Race to the Bottom?

February 23, 2011
Posted by Jay Livingston

Scott Lemieux passes along this information from his friend Ken Sherrill:
Only 5 states do not have collective bargaining for educators and have deemed it illegal. Those states and their ranking on ACT/SAT scores are as follows:
  • South Carolina – 50th
  • North Carolina – 49th
  • Georgia – 48th
  • Texas – 47th
  • Virginia – 44th
If you are wondering, Wisconsin, with its collective bargaining for teachers, is ranked 2nd in the country. Let’s keep it that way.
A convincing study of the effects of unionization on student performance would have to take into account a host of variables – demographic, budgetary, etc. – and their interactions. It should also have more sensitive measures of union strength and perhaps of outcome variables as well. But this is a start.

The message seems to be that if you are going to argue that the absence of teachers’ unions brings educational benefits to schoolchildren, you’re starting out down by about five runs in the first inning.

A complete list of the states is here. (And what’s up with South Carolina? It seems to be intent on making itself the punch line to a variety of jokes. See this previous post, for example.)


Anonymous said...

The problem with the stats? As PolitiFact discovered, the data came from 1999, not 2010. Moreover, a variety of factors account for test score results.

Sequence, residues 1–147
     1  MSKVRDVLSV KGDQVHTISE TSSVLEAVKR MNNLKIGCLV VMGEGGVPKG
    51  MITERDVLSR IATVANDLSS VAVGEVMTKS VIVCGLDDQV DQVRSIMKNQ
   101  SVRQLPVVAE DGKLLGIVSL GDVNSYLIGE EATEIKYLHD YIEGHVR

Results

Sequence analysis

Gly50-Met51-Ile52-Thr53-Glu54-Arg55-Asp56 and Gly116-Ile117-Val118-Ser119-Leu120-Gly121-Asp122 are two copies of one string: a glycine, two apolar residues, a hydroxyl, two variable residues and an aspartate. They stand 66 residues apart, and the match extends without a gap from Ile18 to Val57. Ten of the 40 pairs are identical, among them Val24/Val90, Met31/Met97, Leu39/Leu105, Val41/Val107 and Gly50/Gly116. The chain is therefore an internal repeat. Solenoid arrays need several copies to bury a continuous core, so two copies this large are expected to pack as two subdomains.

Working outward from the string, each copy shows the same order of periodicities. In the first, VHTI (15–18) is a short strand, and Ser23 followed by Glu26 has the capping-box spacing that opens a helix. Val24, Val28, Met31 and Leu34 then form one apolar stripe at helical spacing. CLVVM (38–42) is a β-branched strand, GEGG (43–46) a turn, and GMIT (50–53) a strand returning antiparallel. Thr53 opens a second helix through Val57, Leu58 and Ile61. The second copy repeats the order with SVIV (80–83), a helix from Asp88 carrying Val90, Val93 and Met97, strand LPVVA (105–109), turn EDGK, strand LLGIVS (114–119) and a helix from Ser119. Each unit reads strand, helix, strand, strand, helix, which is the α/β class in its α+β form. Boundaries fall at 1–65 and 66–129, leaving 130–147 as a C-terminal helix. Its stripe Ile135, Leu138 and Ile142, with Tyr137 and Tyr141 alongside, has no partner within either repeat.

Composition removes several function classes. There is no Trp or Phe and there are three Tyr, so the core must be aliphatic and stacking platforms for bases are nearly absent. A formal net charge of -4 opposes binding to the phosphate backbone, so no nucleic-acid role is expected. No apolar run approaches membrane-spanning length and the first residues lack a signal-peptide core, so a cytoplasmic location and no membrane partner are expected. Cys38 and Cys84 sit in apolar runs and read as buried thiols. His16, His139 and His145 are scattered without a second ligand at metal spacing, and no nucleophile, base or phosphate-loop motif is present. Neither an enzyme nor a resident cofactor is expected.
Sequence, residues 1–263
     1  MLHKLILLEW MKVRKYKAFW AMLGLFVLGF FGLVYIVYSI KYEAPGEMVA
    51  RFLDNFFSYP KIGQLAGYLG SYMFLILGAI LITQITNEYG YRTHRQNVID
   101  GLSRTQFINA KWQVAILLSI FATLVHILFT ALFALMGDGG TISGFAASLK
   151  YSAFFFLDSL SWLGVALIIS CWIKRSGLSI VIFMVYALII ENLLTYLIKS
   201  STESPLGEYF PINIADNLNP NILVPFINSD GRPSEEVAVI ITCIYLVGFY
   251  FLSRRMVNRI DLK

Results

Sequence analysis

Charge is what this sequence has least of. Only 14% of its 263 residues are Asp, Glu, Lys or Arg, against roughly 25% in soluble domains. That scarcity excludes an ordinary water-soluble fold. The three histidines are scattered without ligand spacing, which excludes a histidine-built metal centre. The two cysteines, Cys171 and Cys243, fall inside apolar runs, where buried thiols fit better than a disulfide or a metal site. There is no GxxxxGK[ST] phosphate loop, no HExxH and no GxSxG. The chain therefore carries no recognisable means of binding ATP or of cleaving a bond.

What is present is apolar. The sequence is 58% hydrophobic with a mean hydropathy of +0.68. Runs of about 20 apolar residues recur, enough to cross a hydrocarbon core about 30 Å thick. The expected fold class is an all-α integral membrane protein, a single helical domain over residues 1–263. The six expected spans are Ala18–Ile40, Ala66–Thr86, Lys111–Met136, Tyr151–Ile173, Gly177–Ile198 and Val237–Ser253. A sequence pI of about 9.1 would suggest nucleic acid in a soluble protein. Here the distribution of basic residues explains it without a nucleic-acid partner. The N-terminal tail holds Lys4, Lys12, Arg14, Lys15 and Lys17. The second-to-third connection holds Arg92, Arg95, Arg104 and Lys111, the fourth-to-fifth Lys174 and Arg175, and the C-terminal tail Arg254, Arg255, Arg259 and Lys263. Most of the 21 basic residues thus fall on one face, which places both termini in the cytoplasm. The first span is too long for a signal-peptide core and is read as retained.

While the most recent data on SAT/ACT scores shows outcomes not altogether out of line with the 1999 figures -- with South Carolina scoring 49th on the 2010 SAT and 46th on the 2009 ACT, while Wisconsin ranked third and 13th, respectively -- the point remains that judgment is better withheld on what the scores say in regard to collective bargaining. Here's how PolitiFact put it:

A review using current data finds that Wisconsin does perform better on test scores than the non-union states, but not as dramatically as suggested in the Facebook post. And there is at best limited evidence that unionization played a causal role in shaping differences in test scores.

Jay Livingston said...

Anon. Thanks for the info. I should have checked Politifact, but I assumed that they checked mostly statements by politicians, not bloggers or journalists. As I said, there are large methodological problems in making these comparisons. But I also think that what I said still holds: the data we have on states doesn’t offer much of a prima facie case for the benefits of union busitng.
Politifact links to a blogger who has looked much more carefully at the available data. He is the source of the Politifact text you quote. He did a subsequent post, and here is what he says:

"Yes, Wisconsin has great schools, with great outcomes. Yes, states without teachers’ unions lag behind. Yes, that lag persists even when you control for demographic variables. Yes, that difference seems to rest less on the quantifiable resources that unions fight to bring to the classroom than on the professionalism, positive working environment, and effective school administration that unions foster.

"And yes, Virginia, (and Texas, Georgia, and North and South Carolina) unions do work."